I tend to use positive reinforcement techniques when working with my animals. I say work with rather than train because train denotes a false hierarchy with the person being at the top. Two examples follow:
Today we took Ryder to search and rescue dog training. The training site was a long ways away, at the end of Settler’s Bay Road. It was a beautiful day, with beautiful weather. Some complained that it was too warm. (Give me a break, temperatures were in the sixties). I thought that temperatures were just right. It was also near windless, I thought, making it difficult for the dogs to pick up scents.
Ryder playing tug with Patty
Ryder was the first up – she did four runs total, three with Patty Howell being her subject, and one with Pete being her subject. Ryder (today) was a little bit lackadaisical on the first three outings. She found Patty, but stopped a few times to sniff and root around in the now thawed ground. Patty, who is rather low key, gave her treats and played with her some. Pete, who on the fourth go around, was (as instructed) very upbeat – I let Ryder go off lead and she bounded over to him, and promptly began tugging vigorously on her come along strap.
So, Ryder was rewarded for her efforts. But on the walk back to base, I got to thinking and thus saw the situation from Ryder’s perspective. It was a beautiful day, and she most wanted to go for a hike and meander around, and root around in rabbit poop. And here was goal-driven me, forcing her to do something she was not up for doing.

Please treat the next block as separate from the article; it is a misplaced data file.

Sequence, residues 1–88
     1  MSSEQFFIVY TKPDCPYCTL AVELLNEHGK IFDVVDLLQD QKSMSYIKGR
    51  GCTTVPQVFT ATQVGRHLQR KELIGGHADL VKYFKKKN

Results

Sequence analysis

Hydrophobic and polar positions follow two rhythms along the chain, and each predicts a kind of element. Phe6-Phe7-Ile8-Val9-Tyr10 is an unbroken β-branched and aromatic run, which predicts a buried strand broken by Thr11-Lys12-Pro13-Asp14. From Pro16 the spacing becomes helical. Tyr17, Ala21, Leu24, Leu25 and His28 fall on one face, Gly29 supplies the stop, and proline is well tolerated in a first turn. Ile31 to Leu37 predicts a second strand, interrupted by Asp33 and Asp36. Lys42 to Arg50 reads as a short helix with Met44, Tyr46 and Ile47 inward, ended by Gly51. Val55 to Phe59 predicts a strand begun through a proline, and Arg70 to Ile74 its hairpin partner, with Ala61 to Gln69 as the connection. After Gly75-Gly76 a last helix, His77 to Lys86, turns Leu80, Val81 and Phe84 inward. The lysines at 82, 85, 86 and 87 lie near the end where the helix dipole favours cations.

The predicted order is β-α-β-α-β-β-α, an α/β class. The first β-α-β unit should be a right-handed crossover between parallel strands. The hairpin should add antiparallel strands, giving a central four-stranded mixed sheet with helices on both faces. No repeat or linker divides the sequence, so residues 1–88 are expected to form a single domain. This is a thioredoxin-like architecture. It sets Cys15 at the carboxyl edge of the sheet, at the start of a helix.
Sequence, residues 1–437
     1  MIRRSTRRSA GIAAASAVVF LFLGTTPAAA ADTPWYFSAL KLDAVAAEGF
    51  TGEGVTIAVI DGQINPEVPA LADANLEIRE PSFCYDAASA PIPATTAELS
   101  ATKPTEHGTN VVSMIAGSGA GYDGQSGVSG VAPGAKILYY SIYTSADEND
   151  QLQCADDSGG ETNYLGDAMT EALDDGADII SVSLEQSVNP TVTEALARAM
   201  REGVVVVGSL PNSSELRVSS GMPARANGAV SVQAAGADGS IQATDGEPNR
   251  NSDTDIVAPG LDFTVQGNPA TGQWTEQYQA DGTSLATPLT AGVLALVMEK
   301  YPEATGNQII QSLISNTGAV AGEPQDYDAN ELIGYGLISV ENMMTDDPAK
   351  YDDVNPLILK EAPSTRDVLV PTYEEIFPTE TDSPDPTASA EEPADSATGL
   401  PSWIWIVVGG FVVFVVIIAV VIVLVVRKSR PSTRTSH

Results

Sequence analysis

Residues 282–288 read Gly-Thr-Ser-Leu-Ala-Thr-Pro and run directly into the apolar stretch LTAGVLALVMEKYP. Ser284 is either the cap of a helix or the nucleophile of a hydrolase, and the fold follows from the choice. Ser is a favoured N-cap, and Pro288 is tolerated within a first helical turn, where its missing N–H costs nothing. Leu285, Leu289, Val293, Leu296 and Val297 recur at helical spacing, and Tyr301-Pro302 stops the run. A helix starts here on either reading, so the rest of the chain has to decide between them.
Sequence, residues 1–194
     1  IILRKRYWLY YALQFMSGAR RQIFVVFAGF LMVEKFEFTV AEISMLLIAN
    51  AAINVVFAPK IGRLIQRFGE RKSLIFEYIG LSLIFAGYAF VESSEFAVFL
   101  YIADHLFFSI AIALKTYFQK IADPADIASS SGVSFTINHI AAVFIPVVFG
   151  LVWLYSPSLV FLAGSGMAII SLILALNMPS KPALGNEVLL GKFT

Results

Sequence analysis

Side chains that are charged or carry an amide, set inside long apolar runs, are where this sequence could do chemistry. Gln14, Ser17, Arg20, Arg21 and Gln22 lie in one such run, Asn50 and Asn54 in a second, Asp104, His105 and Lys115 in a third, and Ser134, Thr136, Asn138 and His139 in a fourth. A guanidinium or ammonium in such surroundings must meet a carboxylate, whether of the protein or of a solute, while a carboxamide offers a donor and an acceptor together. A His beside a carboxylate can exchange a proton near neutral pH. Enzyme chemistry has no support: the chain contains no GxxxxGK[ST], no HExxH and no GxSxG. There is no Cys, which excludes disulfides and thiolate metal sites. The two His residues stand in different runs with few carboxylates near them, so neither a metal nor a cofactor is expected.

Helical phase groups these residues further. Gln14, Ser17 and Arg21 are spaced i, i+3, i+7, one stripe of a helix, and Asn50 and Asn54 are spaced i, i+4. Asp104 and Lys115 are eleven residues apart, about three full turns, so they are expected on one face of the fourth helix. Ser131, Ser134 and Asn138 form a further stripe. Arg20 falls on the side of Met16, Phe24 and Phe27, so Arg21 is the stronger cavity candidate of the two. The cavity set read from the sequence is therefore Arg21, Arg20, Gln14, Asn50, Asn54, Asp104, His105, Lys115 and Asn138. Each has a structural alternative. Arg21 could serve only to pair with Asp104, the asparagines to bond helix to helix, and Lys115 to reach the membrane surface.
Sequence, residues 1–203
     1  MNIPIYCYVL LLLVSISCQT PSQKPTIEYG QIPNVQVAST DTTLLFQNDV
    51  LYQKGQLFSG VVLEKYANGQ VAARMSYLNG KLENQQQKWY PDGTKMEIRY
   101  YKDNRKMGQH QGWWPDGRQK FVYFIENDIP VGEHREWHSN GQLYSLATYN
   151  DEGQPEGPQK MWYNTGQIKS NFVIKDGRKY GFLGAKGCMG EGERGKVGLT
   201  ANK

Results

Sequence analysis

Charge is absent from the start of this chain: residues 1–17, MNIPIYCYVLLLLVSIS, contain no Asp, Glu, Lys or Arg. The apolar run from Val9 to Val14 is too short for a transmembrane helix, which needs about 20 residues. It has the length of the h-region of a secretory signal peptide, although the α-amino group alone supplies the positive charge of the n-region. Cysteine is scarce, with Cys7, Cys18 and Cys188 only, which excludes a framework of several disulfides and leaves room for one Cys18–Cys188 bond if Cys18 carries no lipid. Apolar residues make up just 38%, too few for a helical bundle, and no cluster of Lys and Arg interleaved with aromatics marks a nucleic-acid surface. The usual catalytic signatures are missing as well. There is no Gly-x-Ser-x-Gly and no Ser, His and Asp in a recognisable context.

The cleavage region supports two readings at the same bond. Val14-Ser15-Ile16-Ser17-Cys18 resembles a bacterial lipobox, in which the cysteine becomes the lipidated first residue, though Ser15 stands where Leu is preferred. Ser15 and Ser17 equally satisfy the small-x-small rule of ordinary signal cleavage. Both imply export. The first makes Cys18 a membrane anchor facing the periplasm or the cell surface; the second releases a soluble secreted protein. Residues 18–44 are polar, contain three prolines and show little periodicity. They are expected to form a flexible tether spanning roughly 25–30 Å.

Maybe, just maybe, what we all ought to have done was to spontaneously give the dogs a day off from school – say go for a hike, with the dogs that could be off lead, or head on down to the creek and let them cool off, or, gone for a picnic, and just all relaxed while our dogs hung out. Just something different. My take on the matter was that the very appreciative dogs would have done even better the next time around.
I didn’t mention this because I knew this idea would be greeted with blank looks. However, I am going to keep this in mind – maybe taking Ryder for brief walks before or after search and rescue training. And, most importantly, I am going to continue to take her for daily hikes because I know that this is what she most enjoys doing. The treats and the tugs are small reinforcers, and the hikes are big reinforcers.
The exact same concept holds true for horses. Later, back on the home front, Pete and I took all four horses on a late afternoon outing. Pete rode Lifre and ponied Hrimmi. And I rode Tinni and ponied Raudi. It was the first time we’d taken this particular group of four out together. It was a short outing, but all the horses did well, and quite clearly, enjoyed themselves. Hrimmi now ponies well.
I gave her a treat when we got to the trailhead, and at the conclusion of the ride. In between, she got to be off lead when we rode the other horses and ponied Raudi. She raced around – her dark chestnut and bright white coat was in contrast with the brush and emerging spring foliage.
Yes, so there are similarities here. Ryder and Hrimmi both have a job to do. Ryder will in time be a search and rescue dog, and Hrimmi in time will be a riding horse. Both are young, so they need to and enjoy being out and about. Like Ryder, Hrimmi did her job well (which was to be ponied). This was why she got the smaller reinforcer. But at the same time, she also got a larger reinforcer, which was the freedom to roam about for a bit.
And so, once again, a great day was had by all.
Next: 124. 5/5/14: Hrimmi’s Second Birthday